Bacon lived a hundred years too soon when he 
struck the first blow against the tyranny of England. 
A hundred years later his spirit possessed our revo- 
lutionary fathers. Another hundred years passed, 
and the whole country responded to a similar in- 
stinct of patriotism. It is sure to go on and on, 
and be renewed and invigorated at every centennial 
celebration ; and who will be able to number the 
ranks, or estimate the strength or compute the 
riches, or rightly value the influence of the sons 
and daughters of the American Revolution ? 

In addition to this and other patriotic societies, a 
very important national society was formed of the 
Colonial Dames of America, in which I was inter- 
ested. No state leads in this association — all are 



424 My Day 

upon an equal footing. The applicant cannot apply, 
paradoxical as this appears ! Her own place in 
the world, however noble her lineage, must also be 
considered. She must be gentle of manner as well 
as gentle of blood. 

It is distinctly understood that this society is a 
firm, though silent, protest against that aristocracy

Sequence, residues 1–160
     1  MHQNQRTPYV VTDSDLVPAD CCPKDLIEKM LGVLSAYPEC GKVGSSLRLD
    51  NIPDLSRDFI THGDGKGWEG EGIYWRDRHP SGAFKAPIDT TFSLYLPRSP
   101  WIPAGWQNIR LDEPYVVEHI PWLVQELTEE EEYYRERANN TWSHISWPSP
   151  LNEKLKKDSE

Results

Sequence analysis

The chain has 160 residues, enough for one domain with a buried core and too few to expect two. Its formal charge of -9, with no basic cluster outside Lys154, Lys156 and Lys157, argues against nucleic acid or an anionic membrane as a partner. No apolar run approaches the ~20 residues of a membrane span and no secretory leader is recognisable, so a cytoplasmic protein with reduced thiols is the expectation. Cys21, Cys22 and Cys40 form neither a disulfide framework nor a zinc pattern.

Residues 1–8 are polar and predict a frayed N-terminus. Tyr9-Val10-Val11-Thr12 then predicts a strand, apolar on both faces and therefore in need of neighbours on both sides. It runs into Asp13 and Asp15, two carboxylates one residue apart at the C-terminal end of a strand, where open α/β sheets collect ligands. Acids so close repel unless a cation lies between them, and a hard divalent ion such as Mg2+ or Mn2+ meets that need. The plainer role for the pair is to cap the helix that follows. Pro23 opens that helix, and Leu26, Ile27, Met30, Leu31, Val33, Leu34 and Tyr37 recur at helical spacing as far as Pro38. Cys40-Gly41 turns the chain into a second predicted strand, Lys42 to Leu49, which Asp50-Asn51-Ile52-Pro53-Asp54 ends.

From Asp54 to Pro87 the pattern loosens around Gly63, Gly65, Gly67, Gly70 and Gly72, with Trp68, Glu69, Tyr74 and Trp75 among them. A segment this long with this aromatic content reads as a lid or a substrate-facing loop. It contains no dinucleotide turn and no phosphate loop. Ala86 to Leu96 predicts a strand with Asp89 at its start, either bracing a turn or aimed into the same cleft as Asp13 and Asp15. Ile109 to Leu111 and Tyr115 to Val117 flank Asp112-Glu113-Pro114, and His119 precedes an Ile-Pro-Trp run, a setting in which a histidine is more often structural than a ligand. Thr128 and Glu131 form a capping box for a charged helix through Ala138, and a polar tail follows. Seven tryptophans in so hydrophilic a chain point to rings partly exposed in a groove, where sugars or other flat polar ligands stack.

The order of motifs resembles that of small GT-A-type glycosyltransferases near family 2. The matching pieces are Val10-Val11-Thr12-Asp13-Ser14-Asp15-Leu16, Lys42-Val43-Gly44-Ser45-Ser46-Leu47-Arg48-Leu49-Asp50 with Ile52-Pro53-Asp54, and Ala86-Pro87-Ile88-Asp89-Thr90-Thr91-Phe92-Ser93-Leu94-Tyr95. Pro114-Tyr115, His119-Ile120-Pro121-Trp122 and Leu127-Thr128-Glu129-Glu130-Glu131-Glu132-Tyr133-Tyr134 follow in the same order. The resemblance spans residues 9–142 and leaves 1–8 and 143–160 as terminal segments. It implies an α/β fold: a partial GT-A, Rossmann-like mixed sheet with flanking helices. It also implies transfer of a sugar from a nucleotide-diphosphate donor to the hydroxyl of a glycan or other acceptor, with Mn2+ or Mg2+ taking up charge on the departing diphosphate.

which considers itself best because it is highest on 
the tax list and bank list. There is not the remot- 
est suggestion of an aggressive spirit, but the steady 
trend is against plutocracy, arrogance, and that im- 
pertinent assumption of place notable in this country 
in those who have no foundation for pride beneath 
the surface of the earth, and no aspiration above it. 

One of the sure prophecies of our future pros- 
perity and honor may be found in the number and 
importance of the patriotic societies of women. 
For, however individuals may sully them by per- 
sonal pride and ambition, or restrict them by a 
spirit of exclusiveness antagonistic to the fundamen- 
tal principles upon which they are based, their very